states differ, functionalist theory permits that the minds be implemented differently. A functionalist would put forward the example of the same simple calculator program implemented on a Mac and a PC. While they look and function alike, the code behind each is completely different. Likewise, Sally’s “code” may give rise to different qualia, but this does not suggest that Sally differs functionally from a “normal” person. Taking this a step further, some functionalists would argue against the discussion of qualia itself; instead proposing that our specific qualitative experiences are only differentiated by the causal connections they make in our minds. Red is only red because of the feelings of danger, blood, and fire it incites. Thus, it is meaningless to suggest that red might really be green, because if it still shares all the same connections, it is. Even more fundamental to the argument against spectrum inversion, however, is the fact that it would involve a loss of information about the world. Like I have stated before, colors are linguistically, and perhaps neurologically, defined. Thus, in a true invert, there would be countless cases where the names of colors do not line up with their inverted spectrum counterparts. In color blindness, there is a loss of information of the external world, which leads to easy diagnosis – reds and greens become all but indistinguishable. In the hypothetical color-invert however, it is presupposed that there is no loss of information. This suggests that the condition would go undiagnosed, implying that there may indeed be people like Sally Invert in our midst. In fact, this is the key to the Inverted Spectrum argument – Sally must behave in exactly the same manner as I, or else she would be functionally different and therefore compatible with functionalist theory. But would a true color invert evade detection, or would their symptoms necessarily show up in their daily encounters with color? Contrary to what your kindergarten teacher may have led you to believe, the color spectrum as linguistically constructed has no inverse: inverted dark blue is not dark yellow, but brown. When I view my mental qualia of dark blue and light blue in a side-by-side comparison with yellow and brown, I find their relationships differ by a large semantic margin. See Figure 2a to experience this distinction. Given this finding, would Sally Invert function as everyone else given the stimulus of tropical beach scene – with brown dirt fading to yellow sand? Obviously no. As figure 2b illustrates, Sally would have one central quale (dark blue and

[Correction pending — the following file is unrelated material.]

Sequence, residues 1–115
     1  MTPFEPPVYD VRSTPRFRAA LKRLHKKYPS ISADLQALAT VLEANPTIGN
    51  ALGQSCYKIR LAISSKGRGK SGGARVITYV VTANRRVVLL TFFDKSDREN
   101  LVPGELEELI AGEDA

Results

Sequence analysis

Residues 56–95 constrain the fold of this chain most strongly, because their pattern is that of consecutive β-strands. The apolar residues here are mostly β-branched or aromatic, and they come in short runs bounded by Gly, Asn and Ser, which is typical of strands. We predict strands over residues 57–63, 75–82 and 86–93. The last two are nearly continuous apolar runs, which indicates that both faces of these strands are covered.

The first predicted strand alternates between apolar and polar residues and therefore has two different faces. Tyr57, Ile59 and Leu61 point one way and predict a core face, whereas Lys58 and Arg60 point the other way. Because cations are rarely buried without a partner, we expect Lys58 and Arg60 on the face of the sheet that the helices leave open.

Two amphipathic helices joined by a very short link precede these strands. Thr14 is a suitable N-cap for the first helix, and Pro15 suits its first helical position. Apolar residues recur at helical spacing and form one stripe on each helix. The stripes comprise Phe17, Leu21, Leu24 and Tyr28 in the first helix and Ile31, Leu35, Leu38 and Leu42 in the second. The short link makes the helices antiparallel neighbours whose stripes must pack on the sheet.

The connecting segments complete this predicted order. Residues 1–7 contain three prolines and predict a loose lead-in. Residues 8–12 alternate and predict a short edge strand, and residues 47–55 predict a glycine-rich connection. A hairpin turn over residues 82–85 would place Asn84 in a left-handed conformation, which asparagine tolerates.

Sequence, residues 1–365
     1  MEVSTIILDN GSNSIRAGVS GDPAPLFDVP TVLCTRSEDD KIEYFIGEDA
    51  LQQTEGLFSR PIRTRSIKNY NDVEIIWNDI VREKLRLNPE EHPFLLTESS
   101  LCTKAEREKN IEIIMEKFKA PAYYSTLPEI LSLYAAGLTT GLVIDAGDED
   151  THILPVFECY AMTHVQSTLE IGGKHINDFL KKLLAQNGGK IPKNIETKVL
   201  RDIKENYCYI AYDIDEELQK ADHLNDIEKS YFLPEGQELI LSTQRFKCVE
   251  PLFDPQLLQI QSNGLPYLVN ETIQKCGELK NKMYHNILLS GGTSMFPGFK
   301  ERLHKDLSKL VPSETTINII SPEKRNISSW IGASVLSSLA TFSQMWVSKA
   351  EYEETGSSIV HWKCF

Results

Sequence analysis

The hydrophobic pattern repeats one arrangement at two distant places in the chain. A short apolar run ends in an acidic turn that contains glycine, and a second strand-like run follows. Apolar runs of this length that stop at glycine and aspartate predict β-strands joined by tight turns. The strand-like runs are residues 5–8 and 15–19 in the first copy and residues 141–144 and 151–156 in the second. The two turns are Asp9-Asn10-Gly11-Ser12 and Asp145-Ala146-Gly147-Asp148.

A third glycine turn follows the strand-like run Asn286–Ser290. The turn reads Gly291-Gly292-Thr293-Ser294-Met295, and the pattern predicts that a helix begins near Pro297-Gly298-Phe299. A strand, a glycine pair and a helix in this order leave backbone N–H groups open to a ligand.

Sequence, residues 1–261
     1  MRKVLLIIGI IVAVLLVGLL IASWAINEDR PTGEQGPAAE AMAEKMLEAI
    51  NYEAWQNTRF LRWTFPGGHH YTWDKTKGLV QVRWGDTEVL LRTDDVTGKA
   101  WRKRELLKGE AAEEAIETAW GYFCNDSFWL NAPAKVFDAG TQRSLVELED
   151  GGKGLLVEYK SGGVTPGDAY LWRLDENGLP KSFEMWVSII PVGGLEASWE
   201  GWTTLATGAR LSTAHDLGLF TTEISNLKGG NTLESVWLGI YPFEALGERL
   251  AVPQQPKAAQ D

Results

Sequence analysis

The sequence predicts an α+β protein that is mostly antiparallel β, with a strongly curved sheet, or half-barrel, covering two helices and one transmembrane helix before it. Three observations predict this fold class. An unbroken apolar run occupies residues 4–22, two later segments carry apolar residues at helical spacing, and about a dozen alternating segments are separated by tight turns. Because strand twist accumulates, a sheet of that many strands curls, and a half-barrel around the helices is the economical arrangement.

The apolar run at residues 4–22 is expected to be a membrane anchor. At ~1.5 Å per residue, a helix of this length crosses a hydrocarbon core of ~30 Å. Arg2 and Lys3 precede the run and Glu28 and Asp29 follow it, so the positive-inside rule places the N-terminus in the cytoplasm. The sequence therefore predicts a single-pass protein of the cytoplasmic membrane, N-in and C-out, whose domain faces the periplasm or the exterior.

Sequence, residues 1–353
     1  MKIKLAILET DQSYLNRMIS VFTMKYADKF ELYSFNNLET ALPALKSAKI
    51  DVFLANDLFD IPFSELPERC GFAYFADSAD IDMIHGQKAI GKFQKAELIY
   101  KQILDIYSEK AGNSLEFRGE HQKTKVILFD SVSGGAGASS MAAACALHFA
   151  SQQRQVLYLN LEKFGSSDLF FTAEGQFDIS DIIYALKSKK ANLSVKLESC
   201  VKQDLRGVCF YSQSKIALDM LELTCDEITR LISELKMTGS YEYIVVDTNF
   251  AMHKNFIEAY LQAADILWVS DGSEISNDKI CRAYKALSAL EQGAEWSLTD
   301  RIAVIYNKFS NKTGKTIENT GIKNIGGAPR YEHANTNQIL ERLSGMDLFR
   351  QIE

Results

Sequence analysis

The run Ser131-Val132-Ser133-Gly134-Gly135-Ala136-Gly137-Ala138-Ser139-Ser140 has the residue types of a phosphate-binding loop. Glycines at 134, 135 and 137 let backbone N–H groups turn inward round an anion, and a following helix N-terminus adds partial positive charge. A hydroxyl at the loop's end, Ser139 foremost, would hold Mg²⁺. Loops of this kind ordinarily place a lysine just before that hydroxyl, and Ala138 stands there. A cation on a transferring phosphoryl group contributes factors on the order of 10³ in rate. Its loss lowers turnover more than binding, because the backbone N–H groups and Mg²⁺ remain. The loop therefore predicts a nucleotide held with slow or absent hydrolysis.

blue) for two distinct linguistic terms (brown and yellow). Thus, she would consistently find herself on the uncomfortable linguistic edge between color distinctions, and her friends would wonder why she always insisted on building sandcastles out of dirt. Now turning our attention to Figure 1, a young Sally paints with friends. Notice how Sally’s red paint and her friend’s brown skin are resolved to an almost universal shade of blue in the inversion case. In our normal perception of color, browns are very distinct from reds and yellows; while in an inverted spectrum, this distinction does not hold. Sally’s parents, upon discovering her difficulty in distinguishing between apples and people, would take her in for treatment, and a new disorder, named Invert Blindness after our dear Sally Invert, would gain the scientific attention it deserves. Until this disorder shows up in my monthly copy of Psychology Today however, I will have serious doubts as to its existence. One of the central arguments leveraged against Functionalism is that of the possibility of an inverted spectrum. I have attempted to show here that not only can functionalism account for such hypothetical phenomena, but a color invert would indeed demonstrate functional differences in their perception of color. Are there other valid arguments against functionalism? Certainly; but neither the input provided to me in the assignment, nor my internal beliefs and desires, led me to behave in such as a way as to disprove them as well.